Hamming network: Recurrent layer
• At each iteration, each neuron’s output will decrease in
proportion to the sum of the other neurons’ outputs (with
a minimum output of 0)
• The output of the neuron with the largest initial condition
will decrease more slowly than the outputs of the other
neurons. Eventually that neuron will be the only one with
a positive output
• At this point the network has reached steady state
• The index of the secondlayer neuron with a stable positive output
is the index of the prototype vector that best matched the input
• This is called a winnertakeall competition, since only one
neuron will have a nonzero output

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Competitive learning

Competitive layer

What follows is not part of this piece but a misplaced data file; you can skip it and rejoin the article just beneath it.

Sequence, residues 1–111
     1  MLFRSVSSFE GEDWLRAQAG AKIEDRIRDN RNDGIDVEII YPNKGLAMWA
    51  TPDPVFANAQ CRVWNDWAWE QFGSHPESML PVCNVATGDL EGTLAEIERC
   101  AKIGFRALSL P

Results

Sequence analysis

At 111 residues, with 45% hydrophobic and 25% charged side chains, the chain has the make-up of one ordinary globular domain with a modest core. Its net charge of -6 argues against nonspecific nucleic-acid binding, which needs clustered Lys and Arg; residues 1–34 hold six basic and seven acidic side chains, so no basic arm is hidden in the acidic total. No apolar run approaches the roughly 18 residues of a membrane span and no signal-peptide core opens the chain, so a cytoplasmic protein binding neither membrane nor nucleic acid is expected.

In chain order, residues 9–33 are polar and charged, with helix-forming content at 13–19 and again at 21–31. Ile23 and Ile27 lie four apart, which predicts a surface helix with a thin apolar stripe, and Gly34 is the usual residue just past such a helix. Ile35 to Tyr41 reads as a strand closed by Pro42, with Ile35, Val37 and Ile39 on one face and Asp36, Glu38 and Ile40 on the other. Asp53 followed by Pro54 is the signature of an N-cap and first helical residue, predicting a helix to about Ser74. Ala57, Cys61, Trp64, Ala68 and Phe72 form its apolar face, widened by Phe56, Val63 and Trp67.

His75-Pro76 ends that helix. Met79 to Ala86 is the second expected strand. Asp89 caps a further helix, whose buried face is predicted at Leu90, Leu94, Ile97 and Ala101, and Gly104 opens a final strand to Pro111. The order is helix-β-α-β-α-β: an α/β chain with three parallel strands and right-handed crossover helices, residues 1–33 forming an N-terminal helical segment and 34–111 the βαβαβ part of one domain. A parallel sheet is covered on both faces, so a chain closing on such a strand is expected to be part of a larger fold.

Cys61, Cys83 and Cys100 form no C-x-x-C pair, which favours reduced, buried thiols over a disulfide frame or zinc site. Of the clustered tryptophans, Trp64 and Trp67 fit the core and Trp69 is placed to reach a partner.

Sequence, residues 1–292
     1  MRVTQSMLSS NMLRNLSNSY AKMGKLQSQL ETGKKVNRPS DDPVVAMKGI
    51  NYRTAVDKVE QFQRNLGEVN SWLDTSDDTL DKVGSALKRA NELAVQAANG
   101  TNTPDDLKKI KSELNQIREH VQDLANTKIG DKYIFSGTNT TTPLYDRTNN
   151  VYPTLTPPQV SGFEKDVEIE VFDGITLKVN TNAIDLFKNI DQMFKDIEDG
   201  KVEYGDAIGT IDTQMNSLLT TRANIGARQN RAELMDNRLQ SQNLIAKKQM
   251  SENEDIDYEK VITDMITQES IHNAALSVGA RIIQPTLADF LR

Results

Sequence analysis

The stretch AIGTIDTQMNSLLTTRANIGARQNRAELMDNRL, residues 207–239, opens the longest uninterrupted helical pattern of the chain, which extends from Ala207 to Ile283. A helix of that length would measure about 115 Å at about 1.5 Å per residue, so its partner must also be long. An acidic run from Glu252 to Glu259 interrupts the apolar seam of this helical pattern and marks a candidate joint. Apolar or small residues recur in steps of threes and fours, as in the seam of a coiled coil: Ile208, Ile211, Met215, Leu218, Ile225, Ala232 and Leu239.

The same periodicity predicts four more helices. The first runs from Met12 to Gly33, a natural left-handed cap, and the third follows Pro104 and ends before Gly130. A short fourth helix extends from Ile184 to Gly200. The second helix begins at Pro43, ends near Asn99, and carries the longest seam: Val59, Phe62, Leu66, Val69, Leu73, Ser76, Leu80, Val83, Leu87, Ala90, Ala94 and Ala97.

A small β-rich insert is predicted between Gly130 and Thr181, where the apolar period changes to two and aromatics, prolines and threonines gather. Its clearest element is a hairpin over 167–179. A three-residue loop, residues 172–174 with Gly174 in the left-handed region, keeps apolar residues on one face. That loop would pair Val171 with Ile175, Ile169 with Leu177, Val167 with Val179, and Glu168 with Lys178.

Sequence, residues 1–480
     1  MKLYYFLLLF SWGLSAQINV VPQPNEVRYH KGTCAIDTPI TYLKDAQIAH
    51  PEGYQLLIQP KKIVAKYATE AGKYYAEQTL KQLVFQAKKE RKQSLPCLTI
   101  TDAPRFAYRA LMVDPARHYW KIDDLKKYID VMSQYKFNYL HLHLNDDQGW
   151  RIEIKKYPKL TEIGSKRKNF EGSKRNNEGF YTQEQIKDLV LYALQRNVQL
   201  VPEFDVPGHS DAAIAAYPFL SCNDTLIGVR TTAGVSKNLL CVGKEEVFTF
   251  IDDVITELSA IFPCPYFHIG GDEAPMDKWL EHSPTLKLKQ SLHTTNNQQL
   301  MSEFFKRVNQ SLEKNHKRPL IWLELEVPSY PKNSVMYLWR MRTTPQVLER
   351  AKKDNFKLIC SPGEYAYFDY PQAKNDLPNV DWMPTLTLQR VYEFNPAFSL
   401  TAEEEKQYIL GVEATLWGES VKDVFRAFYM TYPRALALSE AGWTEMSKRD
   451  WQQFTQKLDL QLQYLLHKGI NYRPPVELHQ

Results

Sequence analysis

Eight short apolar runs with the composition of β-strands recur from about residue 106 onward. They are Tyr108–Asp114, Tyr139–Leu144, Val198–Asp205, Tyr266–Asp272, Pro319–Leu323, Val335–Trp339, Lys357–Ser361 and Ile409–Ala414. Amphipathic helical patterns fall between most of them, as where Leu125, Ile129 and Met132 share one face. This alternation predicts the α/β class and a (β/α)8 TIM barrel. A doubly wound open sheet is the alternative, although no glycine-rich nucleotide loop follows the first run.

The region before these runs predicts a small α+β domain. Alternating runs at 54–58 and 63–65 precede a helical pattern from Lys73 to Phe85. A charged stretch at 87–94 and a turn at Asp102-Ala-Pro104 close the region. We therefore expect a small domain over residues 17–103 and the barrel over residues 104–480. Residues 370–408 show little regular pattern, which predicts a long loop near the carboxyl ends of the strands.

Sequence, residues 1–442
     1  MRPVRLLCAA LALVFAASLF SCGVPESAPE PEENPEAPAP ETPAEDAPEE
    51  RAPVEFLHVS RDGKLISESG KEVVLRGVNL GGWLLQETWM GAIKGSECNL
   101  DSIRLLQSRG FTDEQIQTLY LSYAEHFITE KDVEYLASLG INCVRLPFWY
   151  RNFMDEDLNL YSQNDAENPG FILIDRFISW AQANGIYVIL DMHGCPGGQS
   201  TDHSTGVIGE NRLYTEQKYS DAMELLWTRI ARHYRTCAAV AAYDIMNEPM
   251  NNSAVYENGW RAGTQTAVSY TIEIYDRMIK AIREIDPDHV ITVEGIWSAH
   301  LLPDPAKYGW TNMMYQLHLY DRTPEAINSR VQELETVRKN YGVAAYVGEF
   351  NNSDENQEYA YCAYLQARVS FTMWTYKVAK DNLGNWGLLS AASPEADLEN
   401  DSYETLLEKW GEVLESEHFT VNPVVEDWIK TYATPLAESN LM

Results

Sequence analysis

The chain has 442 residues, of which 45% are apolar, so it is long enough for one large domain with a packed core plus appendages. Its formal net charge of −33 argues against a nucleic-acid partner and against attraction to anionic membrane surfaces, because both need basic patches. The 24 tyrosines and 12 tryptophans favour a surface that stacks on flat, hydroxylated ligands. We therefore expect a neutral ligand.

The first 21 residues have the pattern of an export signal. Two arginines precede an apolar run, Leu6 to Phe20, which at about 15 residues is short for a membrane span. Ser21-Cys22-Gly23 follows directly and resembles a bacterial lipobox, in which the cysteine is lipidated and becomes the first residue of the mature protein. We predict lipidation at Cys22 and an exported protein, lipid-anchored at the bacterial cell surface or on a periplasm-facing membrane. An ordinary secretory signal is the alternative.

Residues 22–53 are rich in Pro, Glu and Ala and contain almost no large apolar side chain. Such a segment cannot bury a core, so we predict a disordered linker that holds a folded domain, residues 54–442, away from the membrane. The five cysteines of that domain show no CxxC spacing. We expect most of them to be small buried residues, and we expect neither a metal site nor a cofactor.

• The secondlayer neurons in the Hamming network are
said to be in competition because each neuron excites
itself and inhibits all the other neurons
• To simplify our discussions in the remainder of this
chapter, we will define a transfer function that does the
job of a recurrent competitive layer:
a = compet(n)
• It works by finding the index i* of the neuron with the
largest net input, and setting its output to 1 (with ties
going to the neuron with the lowest index). All other
outputs are set to 0:

Competitive layer
• Replacing the recurrent layer of the Hamming network
with a competitive transfer function on the first layer will
simplify our presentations

Competitive layer
• As with the Hamming network, the prototype vectors are
stored in the rows of W. The net input n calculates the
distance between the input vector p and each prototype
iw (assuming vectors have normalized lengths of L)
• The net input ni of each neuron is proportional to the
angle θi between p and the prototype vector iw
• The competitive transfer function assigns an output of 1